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Parents deported without their children

January 11, 2007

In our effort this week to raise awareness about the real issues that illegal immigrants face, here are a couple of stories of families who find themselves in the middle of a deteriotating economy at their home countries that obliges them to leave to feed their families and the enforcement approach of the country where they wanted to fulfill a dream.

Family Troubles
Boston Globe (through

Randa Tawadros watches her 2-year-old son grow thinner. He refuses to eat and has lost three pounds, dropping down to 26 pounds. ”He looks like a kid from one of the commercials for `feed the hungry,”’ Tawadros said. Her 7-month-old daughter cries all the time.

At 6 p.m., like clockwork, her husband, Raouf Mankaryous used to arrive home from work and everything stopped. ”We would drop everything and all run to the door and give him hugs,” she said. But the children’s father hasn’t been home in nearly three months.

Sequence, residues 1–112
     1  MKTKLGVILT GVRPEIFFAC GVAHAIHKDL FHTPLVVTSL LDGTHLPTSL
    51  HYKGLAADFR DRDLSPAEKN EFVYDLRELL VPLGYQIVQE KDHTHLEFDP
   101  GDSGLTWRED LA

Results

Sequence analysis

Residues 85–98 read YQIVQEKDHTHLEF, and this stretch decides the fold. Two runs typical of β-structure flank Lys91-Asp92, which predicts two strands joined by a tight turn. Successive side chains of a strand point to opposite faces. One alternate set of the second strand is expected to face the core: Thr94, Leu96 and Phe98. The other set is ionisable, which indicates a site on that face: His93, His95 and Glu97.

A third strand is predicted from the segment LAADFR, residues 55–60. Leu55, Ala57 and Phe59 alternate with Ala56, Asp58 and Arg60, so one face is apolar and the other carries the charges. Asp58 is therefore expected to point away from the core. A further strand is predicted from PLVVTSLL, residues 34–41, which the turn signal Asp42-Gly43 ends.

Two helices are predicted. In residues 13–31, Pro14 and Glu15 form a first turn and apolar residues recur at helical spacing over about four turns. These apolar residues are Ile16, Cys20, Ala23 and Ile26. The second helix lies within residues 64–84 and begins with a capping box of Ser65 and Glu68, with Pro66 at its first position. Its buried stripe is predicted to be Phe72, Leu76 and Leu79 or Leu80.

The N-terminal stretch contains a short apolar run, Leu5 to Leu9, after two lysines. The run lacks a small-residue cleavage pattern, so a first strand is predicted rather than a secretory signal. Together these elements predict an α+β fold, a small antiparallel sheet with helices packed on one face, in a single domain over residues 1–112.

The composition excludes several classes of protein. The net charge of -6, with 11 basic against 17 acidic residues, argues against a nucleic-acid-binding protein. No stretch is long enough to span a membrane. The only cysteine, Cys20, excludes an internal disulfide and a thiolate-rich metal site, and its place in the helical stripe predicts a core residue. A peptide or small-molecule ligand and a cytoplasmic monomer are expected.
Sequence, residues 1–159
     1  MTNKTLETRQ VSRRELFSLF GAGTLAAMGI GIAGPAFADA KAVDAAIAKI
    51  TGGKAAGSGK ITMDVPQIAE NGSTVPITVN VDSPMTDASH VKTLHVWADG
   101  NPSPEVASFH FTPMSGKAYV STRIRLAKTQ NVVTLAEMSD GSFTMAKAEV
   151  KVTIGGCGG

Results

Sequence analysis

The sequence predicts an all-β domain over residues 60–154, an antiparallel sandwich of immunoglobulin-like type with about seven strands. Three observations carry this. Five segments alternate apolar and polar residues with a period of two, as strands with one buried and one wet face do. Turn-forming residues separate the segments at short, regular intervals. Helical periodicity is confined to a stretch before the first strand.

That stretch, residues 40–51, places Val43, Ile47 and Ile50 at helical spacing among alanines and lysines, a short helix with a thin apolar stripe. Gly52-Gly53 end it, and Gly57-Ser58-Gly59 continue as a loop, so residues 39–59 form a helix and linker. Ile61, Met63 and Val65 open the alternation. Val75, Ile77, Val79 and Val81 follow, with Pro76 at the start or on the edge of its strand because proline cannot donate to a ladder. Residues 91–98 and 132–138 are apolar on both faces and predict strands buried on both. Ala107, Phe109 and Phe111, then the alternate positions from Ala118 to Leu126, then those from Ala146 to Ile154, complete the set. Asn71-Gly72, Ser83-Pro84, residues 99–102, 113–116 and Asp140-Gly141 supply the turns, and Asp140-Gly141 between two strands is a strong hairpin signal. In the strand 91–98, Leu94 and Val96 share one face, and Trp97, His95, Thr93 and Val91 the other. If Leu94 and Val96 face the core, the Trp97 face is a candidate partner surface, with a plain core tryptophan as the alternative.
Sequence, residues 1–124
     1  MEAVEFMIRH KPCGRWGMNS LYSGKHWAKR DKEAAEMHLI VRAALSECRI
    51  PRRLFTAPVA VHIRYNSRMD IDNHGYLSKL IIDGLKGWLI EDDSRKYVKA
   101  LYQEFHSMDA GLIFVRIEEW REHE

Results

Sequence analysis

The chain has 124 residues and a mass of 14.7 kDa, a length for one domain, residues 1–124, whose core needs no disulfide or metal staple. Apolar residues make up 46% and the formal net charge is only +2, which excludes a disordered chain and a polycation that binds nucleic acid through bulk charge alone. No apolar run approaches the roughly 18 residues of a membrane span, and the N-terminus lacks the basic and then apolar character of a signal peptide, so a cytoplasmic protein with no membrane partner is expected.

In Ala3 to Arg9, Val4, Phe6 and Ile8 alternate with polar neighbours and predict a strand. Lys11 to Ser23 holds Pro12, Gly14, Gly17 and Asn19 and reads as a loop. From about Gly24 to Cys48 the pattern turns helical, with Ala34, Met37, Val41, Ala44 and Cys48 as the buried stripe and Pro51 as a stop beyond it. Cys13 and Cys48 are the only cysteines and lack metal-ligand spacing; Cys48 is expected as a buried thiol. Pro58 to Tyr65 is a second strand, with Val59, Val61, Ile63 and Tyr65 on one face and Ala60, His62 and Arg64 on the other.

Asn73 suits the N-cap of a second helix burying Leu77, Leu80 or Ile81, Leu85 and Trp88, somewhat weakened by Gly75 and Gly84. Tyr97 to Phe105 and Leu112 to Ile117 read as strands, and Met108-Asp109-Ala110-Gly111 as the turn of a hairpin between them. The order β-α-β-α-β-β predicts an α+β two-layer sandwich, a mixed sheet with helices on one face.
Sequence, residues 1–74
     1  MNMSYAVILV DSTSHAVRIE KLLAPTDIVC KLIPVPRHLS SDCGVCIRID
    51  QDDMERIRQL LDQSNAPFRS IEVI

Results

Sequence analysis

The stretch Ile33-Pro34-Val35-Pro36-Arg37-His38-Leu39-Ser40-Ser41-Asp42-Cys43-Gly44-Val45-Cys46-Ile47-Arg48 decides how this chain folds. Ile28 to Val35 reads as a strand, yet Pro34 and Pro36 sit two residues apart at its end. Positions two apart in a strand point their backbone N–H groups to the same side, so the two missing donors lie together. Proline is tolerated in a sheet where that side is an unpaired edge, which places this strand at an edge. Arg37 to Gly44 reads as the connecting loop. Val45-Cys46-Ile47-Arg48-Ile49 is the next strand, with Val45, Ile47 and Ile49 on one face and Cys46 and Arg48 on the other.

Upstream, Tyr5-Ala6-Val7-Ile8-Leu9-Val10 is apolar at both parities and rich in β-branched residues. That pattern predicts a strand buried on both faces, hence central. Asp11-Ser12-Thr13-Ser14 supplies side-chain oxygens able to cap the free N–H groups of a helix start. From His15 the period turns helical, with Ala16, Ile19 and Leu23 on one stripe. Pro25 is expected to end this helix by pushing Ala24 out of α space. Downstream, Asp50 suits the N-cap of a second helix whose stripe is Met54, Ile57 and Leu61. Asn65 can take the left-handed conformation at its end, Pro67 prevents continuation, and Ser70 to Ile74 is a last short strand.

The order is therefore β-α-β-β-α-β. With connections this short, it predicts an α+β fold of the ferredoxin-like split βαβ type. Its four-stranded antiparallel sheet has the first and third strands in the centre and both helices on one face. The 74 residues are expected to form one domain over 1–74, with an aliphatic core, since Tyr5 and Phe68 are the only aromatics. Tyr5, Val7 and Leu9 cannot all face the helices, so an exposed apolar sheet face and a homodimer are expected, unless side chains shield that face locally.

He is in prison in Cranston, R.I., with dozens of other illegal immigrants awaiting deportation. While Mankaryous, an electrical engineer, awaits an uncertain future, the bills at home are piling up. Tawadros struggles, with the help of family, to pay the mortgage on their home in Ayer. She lost the family’s health insurance. And just Tuesday another loved one – her cousin – was arrested by Immigration and Naturalization Service agents. (Read the complete story…)

Mother deported without her baby
Casa Juan Diego

Sara Rodriguez was deported last Monday to El Salvador without her baby. She, like all women in the Houston area about to be deported, was imprisoned in the Liberty County jail many miles away and without representation.

All that was needed for someone to take the child to the Salvadoran Consulate to arrange travel papers and then take her to the airport at the time of the scheduled immigration flight. Although the INS would allow someone to help, there was no one to help. By the time we learned of it, it was too late. The child was later taken to Children’s Protective Services, where she will be supported indefinitely with welfare

Source: Houston Catholic Worker, Vol. XVII, No. 3, May-June 1997


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